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Hokko Life Has a Long Way to Go Before It Can Compete With Animal Crossing


Hokko Life Has a Long Way to Go Before It Can Compete With Animal Crossing

I hate to draw comparisons between games as every video game should be judged based on its own merit, but in the case of Hokko Life, the Animal Crossing comparisons are simply unavoidable. Your character arrives at a quiet little town, your daily life becomes a smorgasbord of picking up trash at the beach, planting trees and flowers, crafting furniture, and decorating the town and your own room.

Aforementioned town is also full of talking animal citizens. As I said, the comparisons are unavoidable.

On paper, Hokko Life should be an instant hit. The art and graphical style is a little more realistic, and prettier too. You have the ability to decorate your town square and really make it your own, as compared to Animal Crossing: New Horizons, where you’re restricted from placing anything in the Resident Services area, though it’s for a good reason.

But in practice, you quickly realize that there are so many little issues that drag the game down and hold it back from being the chill life sim it wants to be. For starters, the bugs. Starting up the game with a controller plugged in proved to be rather cumbersome, as the game refused to show me the right button prompts for the gamepad. I ended up having to reconnect the controller a couple more times before it would register and finally show me the right inputs.

Characters occasionally glitch into items and furniture, and even the character creation menu seemed buggy, as the hairstyle icons wouldn’t show the hairstyles themselves, and I had to manually hover over them to get them to show up in my character preview.

These are all early access woes, yes, but they gave me such a bad first impression of the game, and things certainly didn’t improve from there.

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Hokko Life has a pretty slow start, and the game tasks you with moving all over the town, getting to know the citizens and running errands for them. You’re essentially forced to complete fetch quest after fetch quest for the first couple hours before the game finally starts to give you a little bit of freedom to decorate the place how you wish.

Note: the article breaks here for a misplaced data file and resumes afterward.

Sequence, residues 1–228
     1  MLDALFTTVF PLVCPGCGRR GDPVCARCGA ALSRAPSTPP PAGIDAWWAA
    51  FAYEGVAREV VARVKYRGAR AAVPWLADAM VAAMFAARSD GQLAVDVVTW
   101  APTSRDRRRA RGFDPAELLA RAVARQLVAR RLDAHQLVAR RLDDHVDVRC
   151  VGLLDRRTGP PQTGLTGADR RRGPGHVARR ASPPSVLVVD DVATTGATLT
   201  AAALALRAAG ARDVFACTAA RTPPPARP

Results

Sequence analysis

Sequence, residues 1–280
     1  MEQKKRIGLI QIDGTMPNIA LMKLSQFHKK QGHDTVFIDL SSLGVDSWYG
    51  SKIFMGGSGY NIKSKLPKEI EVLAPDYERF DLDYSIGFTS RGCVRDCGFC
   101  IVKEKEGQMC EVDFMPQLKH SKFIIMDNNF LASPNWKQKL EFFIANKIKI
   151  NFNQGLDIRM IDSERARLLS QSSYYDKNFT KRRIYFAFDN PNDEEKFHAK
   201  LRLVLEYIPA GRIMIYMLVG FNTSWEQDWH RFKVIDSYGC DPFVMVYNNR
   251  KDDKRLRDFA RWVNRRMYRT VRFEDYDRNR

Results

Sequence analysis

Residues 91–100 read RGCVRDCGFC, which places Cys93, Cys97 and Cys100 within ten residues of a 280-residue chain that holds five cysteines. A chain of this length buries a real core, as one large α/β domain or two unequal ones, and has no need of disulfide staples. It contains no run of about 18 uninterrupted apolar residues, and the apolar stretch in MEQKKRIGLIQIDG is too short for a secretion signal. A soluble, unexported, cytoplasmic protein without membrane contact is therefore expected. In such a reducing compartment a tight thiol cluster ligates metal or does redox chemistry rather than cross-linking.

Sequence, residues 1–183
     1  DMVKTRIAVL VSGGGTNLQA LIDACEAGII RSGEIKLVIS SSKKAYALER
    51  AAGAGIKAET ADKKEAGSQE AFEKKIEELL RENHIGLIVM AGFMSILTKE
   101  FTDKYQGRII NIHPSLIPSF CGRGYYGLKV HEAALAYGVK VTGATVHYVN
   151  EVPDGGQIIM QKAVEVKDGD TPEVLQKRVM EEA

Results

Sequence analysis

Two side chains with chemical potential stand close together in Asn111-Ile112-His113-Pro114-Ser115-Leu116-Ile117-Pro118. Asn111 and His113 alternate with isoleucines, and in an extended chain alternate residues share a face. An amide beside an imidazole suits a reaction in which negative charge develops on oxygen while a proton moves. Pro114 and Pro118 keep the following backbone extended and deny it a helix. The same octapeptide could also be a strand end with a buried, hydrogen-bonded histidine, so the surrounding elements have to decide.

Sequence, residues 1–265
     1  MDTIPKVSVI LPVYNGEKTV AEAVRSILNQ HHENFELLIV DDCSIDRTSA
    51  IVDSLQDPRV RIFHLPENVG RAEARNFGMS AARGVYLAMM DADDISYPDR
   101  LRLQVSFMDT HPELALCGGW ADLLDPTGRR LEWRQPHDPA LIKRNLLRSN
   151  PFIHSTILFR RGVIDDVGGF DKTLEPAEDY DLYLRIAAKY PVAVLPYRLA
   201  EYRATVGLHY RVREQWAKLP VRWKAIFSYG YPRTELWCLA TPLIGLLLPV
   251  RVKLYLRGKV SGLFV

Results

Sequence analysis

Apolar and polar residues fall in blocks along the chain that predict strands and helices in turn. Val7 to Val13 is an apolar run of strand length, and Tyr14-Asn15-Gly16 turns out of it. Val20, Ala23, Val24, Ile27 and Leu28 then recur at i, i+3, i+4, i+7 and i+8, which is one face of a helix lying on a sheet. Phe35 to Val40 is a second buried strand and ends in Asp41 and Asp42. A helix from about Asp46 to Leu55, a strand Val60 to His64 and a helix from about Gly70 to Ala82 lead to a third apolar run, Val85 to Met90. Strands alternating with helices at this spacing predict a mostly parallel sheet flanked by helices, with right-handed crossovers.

Coming back to Animal Crossing: New Horizons, that game had a similar issue as well. The opening hours were essentially all tutorials teaching you how to do things, and there certainly wasn’t a shortage of fetch quests sprinkled in there either. Here’s the difference, though: Animal Crossing follows your system clock, while Hokko Life doesn’t.

By having everything progress in real-time, Animal Crossing: New Horizons was a game you could play in short bursts and not feel immediately burnt out from all the tutorials. They were split into small chunks, and whenever you progressed far enough, you had to wait for the next day to see your efforts come to fruition, then progress some more.

Hokko Life doesn’t follow the system clock and allows you to quickly progress to the next day by sleeping. This almost feels akin to time-traveling in Animal Crossing, where you can speed things up by changing your system clock. It’s also an easy way to quickly burn out, and that’s exactly how I felt while playing Hokko Life.

I got to a point where I was tasked with planting several flowers and I had to wait for them to bloom in order to continue with the story. The problem was that these flowers took three days to bloom, and since I had already done every other quest available to me, I had meaningless days in between with nothing to do but basically sleep through them till something happens.

hokko life

At the moment, Hokko Life is missing one vital element: the excitement of looking forward to something that you’ve been working towards. Animal Crossing is fantastic at spoonfeeding players that kind of excitement; you have the museum, the Resident Services building, upgrading your home and paying off your loans, checking the shop each day for new items, and then looking forward to seeing the other seasonal vendors in the game.

Hokko Life has none of that, and is instead bogged down by fetch quests that feel meaningless in the grand scheme of things, with nothing to look forward to. It has a solid foundation, and there is potential in its quiet little town, but there’s a lot more work to be done before it reaches that level of comfiness and excitement that Animal Crossing fans have become so used to.

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